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Building Structure

Half-Timbered Buildings more than 600 Years ago and Their Modifications


Bergstraße 10, multi-storied building, timber-framed appearance from the 15th century, scarf and mortise with tenon joints till 1525

Around 1400, Nuremberg saw a change in the technique of constructing timber frames for buildings, away from the stand storey construction (with long beams fixing the floors together) to a pure storey-by-storey construction. (1) Why the carpenters themselves decided to use the technique of constructing storey-by-storey from then, on or whether they were ordered to do so, remains a mystery to this day. The assumption that storey-by-storey construction would make work easier on the building site and also provide flexibility in the design of the façade and floor plan is ultimately only a guess. The most obvious difference between the two construction methods is the height of the half-timbered stands, which in the case of multi-storey construction are no higher than one storey. The multi-storey construction technique was basically nothing new, as it was often used above stud-floor building, e.g., on the 2nd floor (see Obere Schmiedgasse 54/56).

The house at Bergstrasse 10, known mainly for its residents Maria Sibylla Merian (1647-1717) and Johann Andreas Graff (1636-1701), was built in 1412 as a half-timbered house in a storeyed construction and, due to its early construction date, is a good example of the changes in half-timbered construction around 1400.

The original scarf-jointed timber framing was replaced in the second half of the 17th century by simple timber frameworks or by sandstone masonry (photo 2017).


The corner house with the name "Zur goldenen Sonne" (At the Golden Sun) probably underwent major changes in the 2nd half of the 17th century. The medieval half-timbered structure on the ground floor was replaced by sandstone ashlar masonry and the half-timbered structure on the first floor was partly replaced by a simple timber-framed structure. Plaster was applied over the entire surface to cover the no longer homogeneous half-timbered structure. In 1974, the Altstadtfreunde (Friends of the Old Town) sponsored the uncovering of the half-timbered façades. (2)

Uncovering the half-timbered construction revealed appearance of the medieval half-timbered house, for example, on the gable and eaves side of the 2nd floor. This demonstrates the construction of the multi-storey building, which is composed of threshold, stands, frame, head and foot struts and window sills. As one can readily deduce from the term ‘storey construction’, any edifice built using this technique is constructed storey by storey. It is striking that the ends of the struts required to reinforce the building are placed very close together on the stands, sometimes even touching one other - a type of half-timbered structure that can be observed throughout the entire 15th century. Moreover, the doubled short struts, also known as braces, are not used for stability but solely for ornamental purposes.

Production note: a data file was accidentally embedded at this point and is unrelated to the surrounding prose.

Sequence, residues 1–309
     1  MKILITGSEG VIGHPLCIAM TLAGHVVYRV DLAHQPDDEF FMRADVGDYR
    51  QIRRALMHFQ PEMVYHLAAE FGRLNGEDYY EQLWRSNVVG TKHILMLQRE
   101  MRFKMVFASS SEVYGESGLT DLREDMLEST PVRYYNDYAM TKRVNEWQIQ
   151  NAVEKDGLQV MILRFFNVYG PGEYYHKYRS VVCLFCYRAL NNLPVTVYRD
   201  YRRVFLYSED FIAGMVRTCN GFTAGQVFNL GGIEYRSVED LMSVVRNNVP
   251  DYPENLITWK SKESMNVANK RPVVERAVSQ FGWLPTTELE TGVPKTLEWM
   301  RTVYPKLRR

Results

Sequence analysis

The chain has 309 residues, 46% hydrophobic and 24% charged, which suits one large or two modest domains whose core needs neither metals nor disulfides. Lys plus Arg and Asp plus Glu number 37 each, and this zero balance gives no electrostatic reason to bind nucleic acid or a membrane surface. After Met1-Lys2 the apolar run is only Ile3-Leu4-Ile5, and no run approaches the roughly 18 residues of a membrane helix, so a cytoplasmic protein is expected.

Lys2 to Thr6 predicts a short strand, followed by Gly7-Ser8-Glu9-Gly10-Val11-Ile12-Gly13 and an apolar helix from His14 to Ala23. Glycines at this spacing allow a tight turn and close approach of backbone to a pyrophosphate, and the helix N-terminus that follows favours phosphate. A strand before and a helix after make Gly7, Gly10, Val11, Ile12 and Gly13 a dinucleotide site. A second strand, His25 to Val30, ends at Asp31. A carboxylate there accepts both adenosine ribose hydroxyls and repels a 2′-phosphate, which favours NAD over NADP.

Das 2. OG, das 1. und 2. DG zeigen noch die bauzeitliche Fachwerkarchitektur von 1412. Anhand der abgeschnittenen Blätter (ehem. Kopfstreben) im Schwellholz des 2. OG kann man das Fachwerk im 1. OG rekonstruieren (Foto 2012)


An important component in half-timbered construction are the timber joints (3), which are briefly explained here to enable better understanding of the individual stages. While the horizontal and vertical timbers were connected to each other by means of pins, the diagonal struts were joined to the horizontal and vertical timbers by means of scarf joints. The roof space was an exception here. There the horizontal beams (collar beams) were slotted into the rafters by means of scarf joints. The carpenters used oak nails to secure and fix the joints, as these were more stable, less prone to break under stress and more durable than nails made of softwood. The scarfed wooden joints were used until around 1525. (4)

Excerpt: Michael Taschner, Das Fachwerk in Nürnberg von 1300 bis 1700, published in Nürnberger Altstadtberichte der Altstadtfreunde Nürnberg, No. 42/2017, ISSN 2566-6630, p. 97-99.

Connection of the (diagonal) struts or bows in horizontal and vertical timber framework within the old town.
On the left: Scarf joints until 1525 - Right: Mortise and Tenon Joints from 1525

  1. Bedal, Konrad: Fachwerk vor 1600 in Franken. Eine Bestandsaufnahme. 2. edition, Petersberg 2006, pp. 32 f.
  2. Mulzer, Erich, Maria Sibylla Merian und das Haus Bergstraße 10, in: Nürnberger Altstadtberichte no. 24 (1999), p. 27-56; Mulzer, Erich: Tätigkeitsbericht der Vereinigung Altstadtfreunde vom 1. November 1973 bis 31. Dezember 1975. in: Nürnberger Altstadtberichte no. 1 (1976). pp. 9, 18; Bedal, Konrad, Fachwerk vor 1600 in Franken. pp. 463: Dendrochronological analysis: test core drilled by Michael Taschner, evaluation: planning company Tisje, 1992, result 1412 Holzaltersbestimmung: gebohrt von Michael Taschner, Auswertung: Planungsbüro Tisje, 1992: Ergebnis 1412
  3. Bedal, Konrad (Hrsg.), Unter Dach und Fach, Häuserbauen in Nürnberg vom 14. bis ins 20. Jahrhundert, Bad Windsheim 2002, pp. 173 f
  4. Bedal, Konrad, Fachwerk vor 1600 in Franken. S. 44 f; Bedal, Konrad: Fachwerkkunst in Franken 1600-1750. Eine Bestandsaufnahme. Bad Windsheim 2014. pp. 62 f; Taschner, Michael: Die Sieben Zeilen in Nürnberg (in many respects important houses for research into old buildings) – in: Nürnberger Altstadtberichte no. 38 (2013). pp. 49-62